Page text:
Recent controversies over the resettlement of refugees from the Middle East (especially Syria), both in Europe and the United States, have been dominated by emotionally charged rhetoric. Taking a step way from that may be helpful for objectively illuminating both the problem and developing workable policy alternatives.
Category Archives: Defense & National Security
On August 20, 2012, President Barack Obama announced a “red line” that would cause the US to intervene in the Syrian civil war: the use of chemical or biological weapons.
We cannot have a situation where chemical or biological weapons are falling into the hands of the wrong people. We have been very clear to the Assad regime, but also to other players on the ground, that a red line for us is we start seeing a whole bunch of chemical weapons moving around or being utilized.
He reiterated this position on December 3, 2012:
The use of chemical weapons is and would be totally unacceptable. And if you make the tragic mistake of using these weapons, there will be consequences and you will be held accountable.
This position is an example of the Precautionary Principle, and perhaps ironically, it is similar to the one that motivated President George W. Bush to overthrow Saddam Hussein.
The Report of the Comprehensive Review of the Issues Associated with a Repeal of ‘Don’t Ask, Don’t Tell’ was released by the Department of Defense on November 30, 2010. The Report summarizes and interprets a pair of large-scale surveys of Service members and spouses hat was sponsored by DoD and conducted by WESTAT, a major consulting firm. Immediately thereafter, Congress took up the question whether to repeal the law on which the Department’s “Don’t Ask, Don’t Tell” policy is based.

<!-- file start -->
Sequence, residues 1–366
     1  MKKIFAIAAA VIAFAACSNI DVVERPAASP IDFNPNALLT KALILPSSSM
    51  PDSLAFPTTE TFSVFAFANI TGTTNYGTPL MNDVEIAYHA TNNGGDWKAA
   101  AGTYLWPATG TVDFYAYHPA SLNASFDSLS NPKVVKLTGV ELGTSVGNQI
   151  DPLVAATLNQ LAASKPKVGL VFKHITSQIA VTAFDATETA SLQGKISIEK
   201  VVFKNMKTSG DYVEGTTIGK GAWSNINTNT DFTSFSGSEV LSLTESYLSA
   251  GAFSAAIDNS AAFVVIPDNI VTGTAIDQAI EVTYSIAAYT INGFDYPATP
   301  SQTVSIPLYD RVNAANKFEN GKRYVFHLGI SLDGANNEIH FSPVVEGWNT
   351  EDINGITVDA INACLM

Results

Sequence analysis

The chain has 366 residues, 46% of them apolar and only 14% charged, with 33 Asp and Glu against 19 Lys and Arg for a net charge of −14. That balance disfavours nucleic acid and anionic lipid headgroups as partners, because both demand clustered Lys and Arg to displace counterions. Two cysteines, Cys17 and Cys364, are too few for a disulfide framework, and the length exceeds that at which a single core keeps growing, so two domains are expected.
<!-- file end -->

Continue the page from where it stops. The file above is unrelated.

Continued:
This post is about the Report’s statistical back story, and why the conclusions given in the Report are unreliable as a guide for policy-making — regardless of whether one prefers to repeal the law, retain the law, or replace it with a more stringent one.
The Washington Post reports today that the ranks of experts in nuclear weapons forensics is declining, and that the situation requires immediate action by government to avoid a crisis.
The subject of the 2007 National Intelligence Estimate of Iran’s nuclear weapons program is not the dominant subject of news reporting that it was when we first posted on it. However, a conventional narrative has developed to the effect that Iran’s nuclear ambitions and developmental efforts are no longer a legitimate concern.
Today we hope to finish our series on this subject showing why this narrative is based on value-based preferences that various people and interest groups hold, and is not supported by the NIE itself.
Read More →